My second 5K will be on May 15, 2011. I chose this particular race because it was enough time after finals and my first 5K, which was on April 2. Also, it's at the South Mountain Recreation Complex, the site where I used to work. Also, it's to support the survivors of breast cancer, and I have known 4 women on my block alone who have had breast cancer. I'm running for the survivors; my race fee went towards the survivors of breast cancer while the money I raise will go towards a survivorship study for pediatric cancer patients.
Survivorship is a very under-studied field. The women (and I'm sure there are men too) of the Susan G Komen foundation have raised millions of dollars to help women who have had breast cancer. My project is on a somewhat smaller scale.
In October 2010, I joined a non-profit foundation called Endure to Cure. This group is made up of athletes from around the world who compete in endurance events to raise money for pediatric cancer research. This year, we are attempting to raise $50,000 to start a survivorship study at the Chicago Comer Children's Hospital to help children and adolescents who have beaten cancer cope with the crippling side effects of chemotherapy and radiation treatments.
So, back to the shorts, I went to Sports Authority on Saturday to find a pair of pink shorts to wear during the race next week. Since this is a breast cancer awareness race, I should be wearing something pink. It was my first pair of real running shorts, and if you need me to elaborate on what I mean by this you'll have to ask. After walking through the women's and girl's department looking for the perfect pair of shorts, I settled for a $16.00 pair that were (what I thought to be) a size too big and decided they would have to do.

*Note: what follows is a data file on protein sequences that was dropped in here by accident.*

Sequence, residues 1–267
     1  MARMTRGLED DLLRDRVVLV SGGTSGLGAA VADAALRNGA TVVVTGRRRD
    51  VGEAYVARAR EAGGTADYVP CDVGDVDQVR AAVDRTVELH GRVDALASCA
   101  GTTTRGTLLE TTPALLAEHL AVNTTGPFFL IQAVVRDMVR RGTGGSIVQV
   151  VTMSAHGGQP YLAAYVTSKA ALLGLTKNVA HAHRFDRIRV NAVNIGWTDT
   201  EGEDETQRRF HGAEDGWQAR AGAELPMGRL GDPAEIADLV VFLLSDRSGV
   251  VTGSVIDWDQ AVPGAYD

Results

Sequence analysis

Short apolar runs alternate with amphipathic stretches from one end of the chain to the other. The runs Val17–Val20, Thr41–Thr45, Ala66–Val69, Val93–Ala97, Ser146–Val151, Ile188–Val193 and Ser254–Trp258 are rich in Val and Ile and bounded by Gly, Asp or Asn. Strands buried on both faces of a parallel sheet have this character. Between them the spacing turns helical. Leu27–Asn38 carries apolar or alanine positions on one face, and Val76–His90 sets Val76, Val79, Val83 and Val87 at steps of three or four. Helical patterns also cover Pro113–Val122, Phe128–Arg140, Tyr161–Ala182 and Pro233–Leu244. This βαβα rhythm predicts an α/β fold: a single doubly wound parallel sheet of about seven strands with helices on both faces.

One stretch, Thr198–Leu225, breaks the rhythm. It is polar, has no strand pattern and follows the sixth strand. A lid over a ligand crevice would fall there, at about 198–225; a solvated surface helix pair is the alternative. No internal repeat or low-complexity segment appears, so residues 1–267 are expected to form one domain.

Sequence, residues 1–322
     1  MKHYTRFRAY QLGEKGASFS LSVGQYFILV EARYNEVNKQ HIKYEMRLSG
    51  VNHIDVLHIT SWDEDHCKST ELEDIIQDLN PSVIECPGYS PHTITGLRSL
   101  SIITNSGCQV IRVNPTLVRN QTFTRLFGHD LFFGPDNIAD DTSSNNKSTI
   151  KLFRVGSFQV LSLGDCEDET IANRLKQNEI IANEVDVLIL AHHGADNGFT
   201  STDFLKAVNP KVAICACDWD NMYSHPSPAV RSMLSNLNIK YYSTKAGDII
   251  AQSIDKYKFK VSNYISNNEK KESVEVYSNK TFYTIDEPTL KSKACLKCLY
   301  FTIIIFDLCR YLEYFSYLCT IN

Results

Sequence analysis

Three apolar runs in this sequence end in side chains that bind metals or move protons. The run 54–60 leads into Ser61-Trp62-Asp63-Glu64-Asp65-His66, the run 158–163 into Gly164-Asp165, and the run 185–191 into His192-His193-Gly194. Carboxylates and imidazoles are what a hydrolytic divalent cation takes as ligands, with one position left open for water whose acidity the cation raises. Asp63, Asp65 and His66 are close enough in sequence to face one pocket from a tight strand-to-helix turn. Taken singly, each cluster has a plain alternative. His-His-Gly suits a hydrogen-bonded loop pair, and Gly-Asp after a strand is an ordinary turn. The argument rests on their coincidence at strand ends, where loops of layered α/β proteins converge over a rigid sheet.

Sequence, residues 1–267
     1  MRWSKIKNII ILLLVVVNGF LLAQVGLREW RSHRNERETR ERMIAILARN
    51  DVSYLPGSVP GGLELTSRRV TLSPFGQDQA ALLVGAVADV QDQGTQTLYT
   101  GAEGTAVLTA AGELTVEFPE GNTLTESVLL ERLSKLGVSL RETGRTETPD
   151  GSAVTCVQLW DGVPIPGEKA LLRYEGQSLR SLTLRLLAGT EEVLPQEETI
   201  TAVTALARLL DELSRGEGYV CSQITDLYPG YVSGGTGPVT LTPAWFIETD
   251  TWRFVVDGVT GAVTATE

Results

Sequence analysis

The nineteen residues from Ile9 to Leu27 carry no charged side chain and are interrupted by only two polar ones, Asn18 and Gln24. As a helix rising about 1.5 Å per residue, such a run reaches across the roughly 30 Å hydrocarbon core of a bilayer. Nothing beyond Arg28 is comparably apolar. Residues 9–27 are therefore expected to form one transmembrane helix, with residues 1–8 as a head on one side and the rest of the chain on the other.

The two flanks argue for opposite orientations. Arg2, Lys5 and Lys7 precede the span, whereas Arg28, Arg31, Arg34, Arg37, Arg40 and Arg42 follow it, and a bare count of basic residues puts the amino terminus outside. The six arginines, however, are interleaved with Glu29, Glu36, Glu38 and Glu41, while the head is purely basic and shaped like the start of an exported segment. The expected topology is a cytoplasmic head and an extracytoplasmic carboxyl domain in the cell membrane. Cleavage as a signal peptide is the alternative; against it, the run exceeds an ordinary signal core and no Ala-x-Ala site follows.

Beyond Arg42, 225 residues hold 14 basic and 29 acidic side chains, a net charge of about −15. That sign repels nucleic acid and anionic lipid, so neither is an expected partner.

I haven't run since April 26th, the Tuesday before last. This past week was finals and I was swamped with a 15 page paper, a revision of a paper, a 5 page paper, an essay analysis, a take home final, a film analysis, another essay analysis, and an 8 page paper. For my three classes. So needless to say, after the heat during that last week in April, my last run being over 47:00 long (it was 4 miles, and a few days before that I had ran 4 miles in 41:30), and the amount of work I was hit with, I didn't get a chance to run. The first day back after that much time off is always very difficult, especially for me, because I need to get back into a routine. I found a new artist I liked (Ellie Goulding, check her out), updated my iPod, and was all excited about ground-hog proofing my garden, so I felt a run was in order. I slipped on my new running shorts to test them out and hit the road.
I'm terrible at remembering to stretch before my runs, and my calves/shins were not happy about it during the first mile. On the plus side, the new shorts felt great and I was loving the album I was listening to. I kept pushing up the slight incline and by the time I finished my first mile in 9:43 I felt like I was running naturally. The rest of the time I kept reminding myself to fix my form: swing my arms more when heading up hills, keep my feet under me when going down hills, keep my hips square with my shoulders, stay strong through your abs and ribs, don't slouch but relax your shoulders. It seems silly but when I started having slight back pain I looked into good running form and so far it has helped.